At $16 a barrel oil is now cheaper than at any time since the end of 1973. In the early stages of that year's oil crisis -- adjusting for the past dozen years' inflation, much of it caused by oil -- Saudi Arabian oil sold for the current equivalent of about $11. Then, with the beginning of 1974, it began to soar. Now the oil revolution of the 1970s seems to have arrived at its Thermidor.

The immediate reason for this sudden drop is a reversal of policy by Saudi Arabia. Several years ago, to stabilize the OPEC price, the Saudis pledged to reduce their production as far as necessary to hold the market steady. But the Saudis, like most other people, underestimated both the extent to which world consumption would drop and that to which world production would rise. OPEC's last hope was an extremely cold winter in the Northern Hemisphere to drive up the demand for fuel. That hasn't happened, and for the oil producers, the winter is now over. With its production approaching the vanishing point, Saudi Arabia decided to change strategy, pump more oil and punish its competitors.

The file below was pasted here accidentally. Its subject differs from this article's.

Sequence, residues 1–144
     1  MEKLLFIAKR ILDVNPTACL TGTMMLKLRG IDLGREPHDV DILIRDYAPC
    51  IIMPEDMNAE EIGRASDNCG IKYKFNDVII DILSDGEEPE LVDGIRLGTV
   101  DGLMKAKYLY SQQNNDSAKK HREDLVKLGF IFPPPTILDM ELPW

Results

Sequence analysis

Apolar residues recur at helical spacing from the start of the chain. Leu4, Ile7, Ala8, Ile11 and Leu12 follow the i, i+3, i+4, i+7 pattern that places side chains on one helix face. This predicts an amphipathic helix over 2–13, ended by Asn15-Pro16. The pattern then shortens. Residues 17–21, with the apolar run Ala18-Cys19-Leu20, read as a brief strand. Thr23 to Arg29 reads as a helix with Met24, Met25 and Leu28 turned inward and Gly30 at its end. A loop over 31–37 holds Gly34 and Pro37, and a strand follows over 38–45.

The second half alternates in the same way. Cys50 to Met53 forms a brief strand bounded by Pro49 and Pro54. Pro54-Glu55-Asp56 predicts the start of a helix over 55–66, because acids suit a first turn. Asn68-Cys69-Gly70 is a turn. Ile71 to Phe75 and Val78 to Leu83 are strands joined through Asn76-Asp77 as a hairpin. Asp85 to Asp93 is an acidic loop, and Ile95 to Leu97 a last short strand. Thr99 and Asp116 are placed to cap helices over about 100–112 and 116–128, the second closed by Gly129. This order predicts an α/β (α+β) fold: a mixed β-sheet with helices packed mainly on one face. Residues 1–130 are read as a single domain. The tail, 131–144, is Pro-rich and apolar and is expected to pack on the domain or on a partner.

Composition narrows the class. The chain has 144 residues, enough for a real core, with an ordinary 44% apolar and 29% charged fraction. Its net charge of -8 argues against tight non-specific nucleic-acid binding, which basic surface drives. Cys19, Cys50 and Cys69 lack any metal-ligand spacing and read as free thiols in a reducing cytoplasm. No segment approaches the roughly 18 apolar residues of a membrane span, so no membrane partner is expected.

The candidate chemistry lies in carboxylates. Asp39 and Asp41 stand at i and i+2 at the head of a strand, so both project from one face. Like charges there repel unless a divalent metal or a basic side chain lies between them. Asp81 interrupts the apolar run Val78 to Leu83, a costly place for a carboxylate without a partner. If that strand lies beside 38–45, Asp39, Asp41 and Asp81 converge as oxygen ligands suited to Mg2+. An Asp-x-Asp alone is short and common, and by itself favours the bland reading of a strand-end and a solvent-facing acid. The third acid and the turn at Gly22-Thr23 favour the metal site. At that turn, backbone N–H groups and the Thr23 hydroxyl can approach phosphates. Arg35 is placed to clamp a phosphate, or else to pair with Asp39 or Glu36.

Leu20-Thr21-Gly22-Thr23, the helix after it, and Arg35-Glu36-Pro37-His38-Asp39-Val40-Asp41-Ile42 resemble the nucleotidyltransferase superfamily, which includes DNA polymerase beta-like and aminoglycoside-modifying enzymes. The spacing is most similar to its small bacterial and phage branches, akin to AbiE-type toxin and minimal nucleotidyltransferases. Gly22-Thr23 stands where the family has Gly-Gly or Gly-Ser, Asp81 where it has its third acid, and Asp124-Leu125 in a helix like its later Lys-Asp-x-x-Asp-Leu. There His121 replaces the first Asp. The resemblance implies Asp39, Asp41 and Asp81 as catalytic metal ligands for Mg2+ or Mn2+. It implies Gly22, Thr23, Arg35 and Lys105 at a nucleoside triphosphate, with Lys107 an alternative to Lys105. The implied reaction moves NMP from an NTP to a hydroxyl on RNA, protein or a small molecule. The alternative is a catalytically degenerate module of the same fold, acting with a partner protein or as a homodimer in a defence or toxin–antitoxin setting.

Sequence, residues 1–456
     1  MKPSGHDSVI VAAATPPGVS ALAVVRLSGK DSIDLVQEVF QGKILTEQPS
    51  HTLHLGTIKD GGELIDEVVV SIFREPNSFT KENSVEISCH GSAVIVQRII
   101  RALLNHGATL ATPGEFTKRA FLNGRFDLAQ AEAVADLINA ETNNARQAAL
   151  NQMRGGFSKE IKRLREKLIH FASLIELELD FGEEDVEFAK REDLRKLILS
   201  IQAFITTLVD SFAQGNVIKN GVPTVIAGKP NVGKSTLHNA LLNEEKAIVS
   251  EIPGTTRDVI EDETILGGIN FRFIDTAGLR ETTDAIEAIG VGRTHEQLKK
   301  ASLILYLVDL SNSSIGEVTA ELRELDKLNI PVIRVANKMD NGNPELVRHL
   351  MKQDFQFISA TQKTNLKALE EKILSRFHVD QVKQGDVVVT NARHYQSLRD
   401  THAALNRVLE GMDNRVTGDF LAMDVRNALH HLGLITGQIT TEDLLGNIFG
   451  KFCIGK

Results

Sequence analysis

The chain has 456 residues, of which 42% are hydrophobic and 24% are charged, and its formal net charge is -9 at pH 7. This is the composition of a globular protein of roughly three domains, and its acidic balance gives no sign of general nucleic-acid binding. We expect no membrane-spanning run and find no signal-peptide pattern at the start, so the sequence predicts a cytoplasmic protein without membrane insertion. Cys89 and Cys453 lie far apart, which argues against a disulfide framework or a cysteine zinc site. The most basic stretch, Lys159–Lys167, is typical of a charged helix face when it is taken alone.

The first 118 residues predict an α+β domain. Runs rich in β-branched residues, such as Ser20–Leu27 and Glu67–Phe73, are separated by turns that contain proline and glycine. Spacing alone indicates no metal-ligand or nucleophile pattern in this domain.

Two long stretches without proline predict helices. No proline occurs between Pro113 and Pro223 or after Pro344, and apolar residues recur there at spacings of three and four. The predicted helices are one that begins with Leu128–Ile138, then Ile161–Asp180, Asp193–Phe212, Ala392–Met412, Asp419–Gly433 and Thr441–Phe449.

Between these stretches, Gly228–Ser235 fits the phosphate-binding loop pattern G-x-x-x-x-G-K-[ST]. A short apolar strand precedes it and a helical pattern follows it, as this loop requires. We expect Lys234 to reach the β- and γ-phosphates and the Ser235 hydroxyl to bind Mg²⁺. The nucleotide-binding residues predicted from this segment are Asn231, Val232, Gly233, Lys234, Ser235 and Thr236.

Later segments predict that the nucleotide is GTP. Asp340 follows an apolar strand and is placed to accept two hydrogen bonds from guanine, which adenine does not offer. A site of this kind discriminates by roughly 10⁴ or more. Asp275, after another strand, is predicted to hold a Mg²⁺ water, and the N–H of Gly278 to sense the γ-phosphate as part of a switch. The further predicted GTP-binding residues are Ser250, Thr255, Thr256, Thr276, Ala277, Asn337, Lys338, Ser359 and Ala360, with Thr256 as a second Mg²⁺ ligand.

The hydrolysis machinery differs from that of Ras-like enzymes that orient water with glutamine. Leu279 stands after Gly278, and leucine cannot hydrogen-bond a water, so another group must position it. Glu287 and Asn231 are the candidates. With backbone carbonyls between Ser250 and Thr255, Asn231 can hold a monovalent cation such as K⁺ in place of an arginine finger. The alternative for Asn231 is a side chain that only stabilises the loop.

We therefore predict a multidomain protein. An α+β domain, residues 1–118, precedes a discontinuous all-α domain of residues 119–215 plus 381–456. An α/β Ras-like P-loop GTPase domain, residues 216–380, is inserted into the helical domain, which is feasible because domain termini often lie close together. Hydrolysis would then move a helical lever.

For consumers, cheap is a great deal better than expensive. But rapid changes in oil prices generate dangerous economic strains regardless of the direction. In the 1970s countries with oil to export seemed to their neighbors to be unimaginably lucky. Most of the countries that import oil went through long and unpleasant processes of austerity and adjustment, struggling to raise exports to pay their fuel bills. Their economies are now more resilient and better balanced than those of the countries that spent the past decade living well on their oil revenues.

Brazil, for all of its debts and inflation, is in better shape than Mexico. Standards of living have been consistently rising in India, an oil importer, while they are falling in Nigeria, an oil exporter. The British industrial economy never benefited as much from rising North Sea oil production as successive governments had hoped, and the oil revenues on which they counted are now sharply diminished.

The current fall in oil prices is not likely to be the end of the story. The high prices of 1981 were not stable, and there is no reason to suppose that the low prices of 1986 will be stable either. The Saudi strategy presumably assumes that low prices will generate rising demand and a sharp increase in imports in industrial countries such as the United States. If the industrial countries let that happen, they deserve the further misfortunes that will await them in the late 1980s. Never was the road to trouble better illuminated.